|Misty morning at the C S Lewis Reserve|
There is probably no better time than Spring to explore the numerous BBOWT reserves around Oxford - and one of the delights of that exploration is to share it with family and friends. You can always tell them what you’ve seen, but they’ll get an even better flavour of your visit if you’ve got some photographs to share with them.
So, how do you go about taking the picture that shows the best of your local BBOWT reserve?.
When you first get into one of the reserves there is often a temptation to rush round trying to capture an image that says “I’m here!”, but once you’ve done that it’s worth slowing down, taking a deep breath and just watching and listening to what’s around. What birds or mammals are there? What flowers are in bloom? What’s the light doing - is there bright sunlight or is it a more overcast day?
The next step is to quietly explore the reserve. If it’s a reserve you’ve visited before, you might already have an idea what you want to photograph. If it’s a new reserve to you, wander around so that you can start to get an idea what photo opportunities it might provide. I’m particularly drawn to ponds and streams - so I’ll always look for some water when I’m exploring a new reserve.
|Rivermead Nature Park|
Once you’ve seen something that looks interesting, you can then start to think about how to frame the image in the camera (or on your phone). If it’s sunny, try and make sure that the light is behind you (so that the sunlight is on your back rather than on your face) - your eye is very good at adjusting to dark and light areas in an image, but the camera isn’t so good. If you have the light behind you’ll have the best chance of getting a well lit picture. If you’re taking pictures of other people make sure that their faces are in sunshine rather than in shadow.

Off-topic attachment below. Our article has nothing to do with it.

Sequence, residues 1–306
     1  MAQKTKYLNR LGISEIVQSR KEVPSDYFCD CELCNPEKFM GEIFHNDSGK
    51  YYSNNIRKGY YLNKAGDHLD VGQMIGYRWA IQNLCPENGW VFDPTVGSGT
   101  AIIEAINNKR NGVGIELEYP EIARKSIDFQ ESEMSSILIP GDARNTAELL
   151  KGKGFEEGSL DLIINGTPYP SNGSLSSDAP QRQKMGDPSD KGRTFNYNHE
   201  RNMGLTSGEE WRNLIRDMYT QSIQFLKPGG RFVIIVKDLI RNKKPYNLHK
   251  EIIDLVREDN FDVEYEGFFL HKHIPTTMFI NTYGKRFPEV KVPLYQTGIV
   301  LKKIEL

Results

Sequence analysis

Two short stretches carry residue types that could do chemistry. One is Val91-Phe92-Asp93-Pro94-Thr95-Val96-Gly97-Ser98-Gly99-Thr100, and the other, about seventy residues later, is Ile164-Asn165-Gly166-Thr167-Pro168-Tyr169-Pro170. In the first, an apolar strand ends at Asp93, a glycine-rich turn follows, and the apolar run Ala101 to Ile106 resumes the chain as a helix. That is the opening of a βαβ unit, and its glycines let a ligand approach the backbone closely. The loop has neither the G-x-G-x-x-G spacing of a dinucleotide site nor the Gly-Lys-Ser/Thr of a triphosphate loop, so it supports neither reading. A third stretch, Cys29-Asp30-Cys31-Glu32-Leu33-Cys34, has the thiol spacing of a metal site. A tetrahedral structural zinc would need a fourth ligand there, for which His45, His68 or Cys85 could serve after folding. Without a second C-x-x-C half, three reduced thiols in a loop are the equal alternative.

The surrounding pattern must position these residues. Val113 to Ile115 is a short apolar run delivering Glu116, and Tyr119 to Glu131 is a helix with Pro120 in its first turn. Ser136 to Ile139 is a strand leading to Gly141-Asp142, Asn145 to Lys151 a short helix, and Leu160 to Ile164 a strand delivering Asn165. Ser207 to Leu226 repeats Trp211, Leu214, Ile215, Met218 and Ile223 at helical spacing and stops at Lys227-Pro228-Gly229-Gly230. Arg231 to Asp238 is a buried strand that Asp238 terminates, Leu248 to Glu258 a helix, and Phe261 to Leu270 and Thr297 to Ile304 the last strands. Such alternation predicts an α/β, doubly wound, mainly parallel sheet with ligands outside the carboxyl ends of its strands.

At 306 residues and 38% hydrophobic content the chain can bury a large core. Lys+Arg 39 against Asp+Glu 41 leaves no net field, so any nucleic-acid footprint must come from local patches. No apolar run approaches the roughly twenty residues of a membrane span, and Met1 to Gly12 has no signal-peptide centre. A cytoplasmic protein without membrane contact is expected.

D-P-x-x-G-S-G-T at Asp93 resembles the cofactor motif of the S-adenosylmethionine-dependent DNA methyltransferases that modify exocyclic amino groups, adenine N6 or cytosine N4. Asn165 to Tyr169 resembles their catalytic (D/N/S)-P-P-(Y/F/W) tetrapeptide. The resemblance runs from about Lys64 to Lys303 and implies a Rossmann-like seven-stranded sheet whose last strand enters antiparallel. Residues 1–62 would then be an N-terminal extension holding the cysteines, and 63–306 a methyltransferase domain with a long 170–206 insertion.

Try holding the camera at different heights - there’s a temptation to stand with the camera at head-height, but there might be an even better picture if you kneel down or even (if it’s not too muddy) lie down before you press the shutter. You might want to try turning the camera sideways - people with camera phones often take ‘portrait’ pictures and those with traditional cameras usually take ‘landscape’ images - in both cases it’s worth experimenting with holding the camera the other way round.
When I’m framing up an image on the camera, I often try and imagine the story I’m going to tell about the picture once get home. In some cases you might want to zoom into the image - was it the little group of moorhens in the middle of the image that you wanted to be able to show in the picture. In other cases, it might be the sweep of the trees along the riverbank that was the main feature in your story so you would want to zoom out to show lots of trees.
If you’ve got a camera where you can adjust the settings, you can fine tune what the camera is doing. If you want to capture a fast moving insect or bird, you will need to set a very short exposure time (or some cameras this will be called a ‘sport’ mode) - that will freeze the action in your picture.
My final tip for capturing a great image on a BBOWT reserve is to visit at different times of day - the light will be different at dawn, in the middle of the day and at dusk. If you’re lucky (or pick the right day) you’ll get to take pictures in the soft light that photographers call ‘the golden hour’. You’ll also get to see different wildlife early and late in the day - and you might just capture that special image.